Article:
After crossing the pass and a cursory lunch, we headed off to Kuksil check post. The check post is the last point of Pakistani presence apart from the border guard about 20 minutes of drive time from this place. The 4 individuals at this check post gave us shelter and lodging for a night and were excellent hosts. We feasted like kings on the beans and roti they provided us and slept fitfully. After waiting for 24 hours or so, we found a ride heading down to Gilgit–and then onwards to Hunza in time for the celebrations on the 11th of July. As Hasan and I stood on the balcony of Hill Top Hotel, I couldn’t help think about Shimshal and the memories it had given me. But what I was really thinking about was the food waiting for us at Punjab Sindh. We feasted on boneless chicken and freshly cooked vegetables, smoothing it down with tall, cool mugs of Mango Shake. I felt I was soaring above the Earth by the time I was done. How we made it back to the hotel is perhaps a story told separately.

The next day we woke late and began to think about the days ahead. It was time to head off to Skardu and pay K2 a visit. Our friends had probably reached Skardu by now and we were looking forward to meeting up with them. The adventure was only half over.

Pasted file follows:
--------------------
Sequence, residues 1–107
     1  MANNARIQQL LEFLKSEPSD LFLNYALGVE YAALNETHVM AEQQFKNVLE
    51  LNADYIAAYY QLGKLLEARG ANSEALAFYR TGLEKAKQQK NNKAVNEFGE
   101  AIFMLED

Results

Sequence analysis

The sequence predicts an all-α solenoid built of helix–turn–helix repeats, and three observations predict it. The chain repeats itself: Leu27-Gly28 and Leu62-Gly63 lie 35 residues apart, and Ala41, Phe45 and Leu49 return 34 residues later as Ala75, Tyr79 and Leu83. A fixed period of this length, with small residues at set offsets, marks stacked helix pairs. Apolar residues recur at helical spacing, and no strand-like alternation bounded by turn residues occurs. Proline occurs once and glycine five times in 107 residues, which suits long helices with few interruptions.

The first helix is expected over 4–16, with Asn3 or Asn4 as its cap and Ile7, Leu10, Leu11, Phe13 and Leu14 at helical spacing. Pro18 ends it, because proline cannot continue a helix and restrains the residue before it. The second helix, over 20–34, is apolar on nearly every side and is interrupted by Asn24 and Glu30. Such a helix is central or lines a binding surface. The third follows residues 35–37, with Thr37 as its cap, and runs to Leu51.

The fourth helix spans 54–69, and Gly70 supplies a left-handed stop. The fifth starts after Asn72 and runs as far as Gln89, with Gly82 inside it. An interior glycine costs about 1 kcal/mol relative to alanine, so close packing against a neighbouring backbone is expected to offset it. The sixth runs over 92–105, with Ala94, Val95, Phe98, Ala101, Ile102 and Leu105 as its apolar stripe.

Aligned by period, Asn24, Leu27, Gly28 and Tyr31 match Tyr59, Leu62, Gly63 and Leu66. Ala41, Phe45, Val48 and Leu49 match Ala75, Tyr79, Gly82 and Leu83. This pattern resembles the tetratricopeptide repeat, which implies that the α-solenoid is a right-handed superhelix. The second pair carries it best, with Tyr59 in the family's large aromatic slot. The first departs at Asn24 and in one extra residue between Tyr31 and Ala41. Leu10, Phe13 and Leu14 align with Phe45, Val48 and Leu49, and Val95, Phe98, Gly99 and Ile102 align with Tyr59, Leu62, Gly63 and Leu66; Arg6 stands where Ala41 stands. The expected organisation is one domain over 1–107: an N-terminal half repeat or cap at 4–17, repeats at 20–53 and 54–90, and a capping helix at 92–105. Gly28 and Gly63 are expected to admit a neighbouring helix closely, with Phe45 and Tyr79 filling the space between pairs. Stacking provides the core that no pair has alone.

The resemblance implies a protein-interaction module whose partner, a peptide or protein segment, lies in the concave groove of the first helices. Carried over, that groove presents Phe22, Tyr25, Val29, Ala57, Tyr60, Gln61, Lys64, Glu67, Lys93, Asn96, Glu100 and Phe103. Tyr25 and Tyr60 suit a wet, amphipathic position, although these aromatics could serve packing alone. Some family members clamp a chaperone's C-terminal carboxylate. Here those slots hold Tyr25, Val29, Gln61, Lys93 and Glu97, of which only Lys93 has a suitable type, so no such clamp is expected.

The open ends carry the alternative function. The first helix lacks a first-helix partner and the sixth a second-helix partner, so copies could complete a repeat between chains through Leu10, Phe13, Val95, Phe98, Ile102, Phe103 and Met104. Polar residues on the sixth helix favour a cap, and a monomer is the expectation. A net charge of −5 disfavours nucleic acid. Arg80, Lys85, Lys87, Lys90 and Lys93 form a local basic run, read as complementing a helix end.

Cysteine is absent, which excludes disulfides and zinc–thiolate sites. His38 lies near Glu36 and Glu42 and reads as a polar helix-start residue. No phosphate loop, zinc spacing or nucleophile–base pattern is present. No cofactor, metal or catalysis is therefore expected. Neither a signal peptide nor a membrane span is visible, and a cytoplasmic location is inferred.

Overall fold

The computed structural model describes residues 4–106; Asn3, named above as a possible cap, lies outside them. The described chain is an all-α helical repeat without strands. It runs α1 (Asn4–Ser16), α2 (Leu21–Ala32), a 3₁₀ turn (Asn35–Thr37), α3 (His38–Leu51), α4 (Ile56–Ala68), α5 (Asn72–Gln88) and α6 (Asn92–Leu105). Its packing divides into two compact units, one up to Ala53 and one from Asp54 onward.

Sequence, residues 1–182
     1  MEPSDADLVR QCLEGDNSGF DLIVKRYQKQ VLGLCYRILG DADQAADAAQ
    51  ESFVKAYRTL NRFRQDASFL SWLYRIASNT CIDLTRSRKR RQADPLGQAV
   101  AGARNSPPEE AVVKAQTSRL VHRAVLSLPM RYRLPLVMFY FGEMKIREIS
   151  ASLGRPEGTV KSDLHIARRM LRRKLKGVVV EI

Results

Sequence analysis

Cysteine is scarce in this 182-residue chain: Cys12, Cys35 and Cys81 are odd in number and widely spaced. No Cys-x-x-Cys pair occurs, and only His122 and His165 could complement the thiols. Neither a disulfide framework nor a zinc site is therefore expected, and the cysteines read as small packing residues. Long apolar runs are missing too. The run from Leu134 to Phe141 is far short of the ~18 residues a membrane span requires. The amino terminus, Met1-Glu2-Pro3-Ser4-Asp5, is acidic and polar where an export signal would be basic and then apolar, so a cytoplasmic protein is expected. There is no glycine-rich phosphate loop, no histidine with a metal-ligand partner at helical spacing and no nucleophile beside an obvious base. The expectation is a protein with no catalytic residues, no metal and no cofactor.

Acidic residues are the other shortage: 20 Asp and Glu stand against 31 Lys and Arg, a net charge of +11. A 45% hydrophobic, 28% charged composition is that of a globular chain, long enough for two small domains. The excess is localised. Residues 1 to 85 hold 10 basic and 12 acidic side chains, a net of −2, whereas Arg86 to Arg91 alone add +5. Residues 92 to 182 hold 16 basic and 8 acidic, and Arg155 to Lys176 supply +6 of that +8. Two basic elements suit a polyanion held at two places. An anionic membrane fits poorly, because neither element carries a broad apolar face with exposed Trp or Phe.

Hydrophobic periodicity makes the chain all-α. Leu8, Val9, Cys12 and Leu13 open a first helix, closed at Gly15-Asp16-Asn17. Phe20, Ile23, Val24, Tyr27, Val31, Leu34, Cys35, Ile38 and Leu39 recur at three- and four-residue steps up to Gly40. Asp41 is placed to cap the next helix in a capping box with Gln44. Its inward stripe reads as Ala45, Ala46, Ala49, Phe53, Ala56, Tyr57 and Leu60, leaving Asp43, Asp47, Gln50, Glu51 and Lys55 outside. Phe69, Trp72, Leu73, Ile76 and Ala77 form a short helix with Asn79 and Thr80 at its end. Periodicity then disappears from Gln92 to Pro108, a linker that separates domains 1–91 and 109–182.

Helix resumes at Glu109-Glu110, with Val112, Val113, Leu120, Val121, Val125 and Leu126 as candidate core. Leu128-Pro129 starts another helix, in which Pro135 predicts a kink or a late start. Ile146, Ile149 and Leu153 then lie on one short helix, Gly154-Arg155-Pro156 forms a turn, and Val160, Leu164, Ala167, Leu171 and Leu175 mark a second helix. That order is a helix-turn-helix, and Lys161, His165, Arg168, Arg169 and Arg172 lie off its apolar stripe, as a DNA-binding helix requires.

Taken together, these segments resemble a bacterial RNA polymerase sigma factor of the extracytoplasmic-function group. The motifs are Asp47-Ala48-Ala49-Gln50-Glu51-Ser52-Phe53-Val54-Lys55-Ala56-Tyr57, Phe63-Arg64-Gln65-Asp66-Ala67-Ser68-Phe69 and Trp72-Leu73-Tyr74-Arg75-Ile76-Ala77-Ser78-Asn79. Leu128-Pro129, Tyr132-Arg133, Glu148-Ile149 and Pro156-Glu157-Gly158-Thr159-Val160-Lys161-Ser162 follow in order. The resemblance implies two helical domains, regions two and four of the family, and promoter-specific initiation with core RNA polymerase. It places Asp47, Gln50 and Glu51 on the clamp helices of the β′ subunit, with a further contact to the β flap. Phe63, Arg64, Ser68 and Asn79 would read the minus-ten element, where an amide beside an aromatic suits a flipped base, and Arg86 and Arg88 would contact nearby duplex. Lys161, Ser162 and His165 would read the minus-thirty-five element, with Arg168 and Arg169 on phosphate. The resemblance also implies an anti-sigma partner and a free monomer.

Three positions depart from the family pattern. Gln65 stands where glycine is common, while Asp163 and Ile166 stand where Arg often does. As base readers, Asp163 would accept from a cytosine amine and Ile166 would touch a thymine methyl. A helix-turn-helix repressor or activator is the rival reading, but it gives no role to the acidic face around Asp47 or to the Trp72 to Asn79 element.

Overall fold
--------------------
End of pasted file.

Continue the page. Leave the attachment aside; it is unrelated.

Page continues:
The summer of 2001, I will always remember as the year of Shimshal. Even though it was the first time I spent more then a month in the mountains including a visit to K2 and the formidable Gondogoro La pass, quite literally ‘bumming’ around the north, I realized I felt most at peace during those days in Shimshal. There seemed to be no end to the labyrinthine routes and passes, there are so many places to go, so many experiences to be had in that wilderness. It’s a land that inspires a magical feeling, much like something out of the Arabian Nights–only this is real.